Mar 12, 2024 - Technology

Bringing Washington's TikTok fears into focus

Illustration of an anvil swaying back and forth above the TikTok app icon.

Illustration: Natalie Peeples/Axios

The intelligence community's annual global threats report is a stark reminder of what the fast-moving TikTok debate is actually about: China's advancing cyber prowess.

Why it matters: TikTok is activating a group of lobbyists and creators this week to convince lawmakers to vote against a bill aimed at forcing Chinese parent company ByteDance to divest its ownership in the platform.

Driving the news: Intelligence officials testified before the Senate Intelligence Committee on Monday about this year's annual worldwide threat assessment.

  • The assessment, which came out alongside the hearing, provides the clearest look at how the Office of the Director of National Intelligence, the FBI, the CIA and other agencies assess threats from nation-state adversaries — including China.

The big picture: Lawmakers' and regulators' concerns about TikTok have always stemmed from long-running fears about Beijing spying on the U.S. and influencing American opinion.

  • "The problem is not TikTok, it is the control by China," Sen. Angus King (I-Maine) said during Monday's Senate hearing.

Zoom in: This year's worldwide threats assessment warned that China remains the "most active and persistent cyber threat to the U.S. government."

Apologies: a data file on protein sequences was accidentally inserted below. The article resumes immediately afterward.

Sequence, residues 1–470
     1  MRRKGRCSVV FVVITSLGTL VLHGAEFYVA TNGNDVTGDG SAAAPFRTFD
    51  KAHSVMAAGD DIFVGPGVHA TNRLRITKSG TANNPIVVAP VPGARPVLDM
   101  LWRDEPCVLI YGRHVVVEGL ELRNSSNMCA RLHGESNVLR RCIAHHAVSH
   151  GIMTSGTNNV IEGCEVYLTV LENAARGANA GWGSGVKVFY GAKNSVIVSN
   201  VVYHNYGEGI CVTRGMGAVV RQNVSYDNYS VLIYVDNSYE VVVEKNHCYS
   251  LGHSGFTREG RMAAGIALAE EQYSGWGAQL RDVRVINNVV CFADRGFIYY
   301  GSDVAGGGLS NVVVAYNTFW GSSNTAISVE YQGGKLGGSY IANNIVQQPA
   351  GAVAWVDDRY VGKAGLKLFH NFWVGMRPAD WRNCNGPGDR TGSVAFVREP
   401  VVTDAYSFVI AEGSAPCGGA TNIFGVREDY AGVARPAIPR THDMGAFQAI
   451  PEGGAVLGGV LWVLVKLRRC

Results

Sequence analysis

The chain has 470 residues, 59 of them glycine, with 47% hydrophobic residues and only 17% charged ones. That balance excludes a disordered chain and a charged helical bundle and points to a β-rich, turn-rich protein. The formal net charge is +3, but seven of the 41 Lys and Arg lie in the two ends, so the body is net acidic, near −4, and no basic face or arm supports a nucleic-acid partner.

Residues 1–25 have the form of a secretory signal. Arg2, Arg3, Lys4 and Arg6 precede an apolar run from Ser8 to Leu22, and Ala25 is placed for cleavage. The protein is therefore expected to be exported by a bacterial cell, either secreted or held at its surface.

• The intelligence community believes that if there is a major conflict between the U.S. and China — such as a Chinese invasion of Taiwan — Beijing would pursue cyberattacks against American infrastructure and military assets.
  • "Such a strike would be designed to deter U.S. military action by impeding U.S. decision-making, inducing societal panic, and interfering with the deployment of U.S. forces," the report said.

The intelligence report also noted that the Chinese government created TikTok accounts to influence the 2022 U.S. midterm vote.

  • FBI director Christopher Wray told lawmakers Monday that TikTok's "parent company is, for all intents and purposes, beholden to the CCP."

The other side: China has denied that it interferes with U.S. elections.

  • TikTok had been working with the Committee on Foreign Investment in the United States (CFIUS) to mitigate national security concerns tied to ByteDance's ownership.
  • However, CFIUS and TikTok have not met in months, according to Axios Pro: Tech Policy reporter Ashley Gold.

What we're watching: Most of TikTok's offensive operations have focused on reminding lawmakers how much their constituents — especially young people — love the platform.

  • But most lawmakers will likely be looking to hear a rationale this week that instead addresses the growing tensions between the U.S. and China.
Go deeper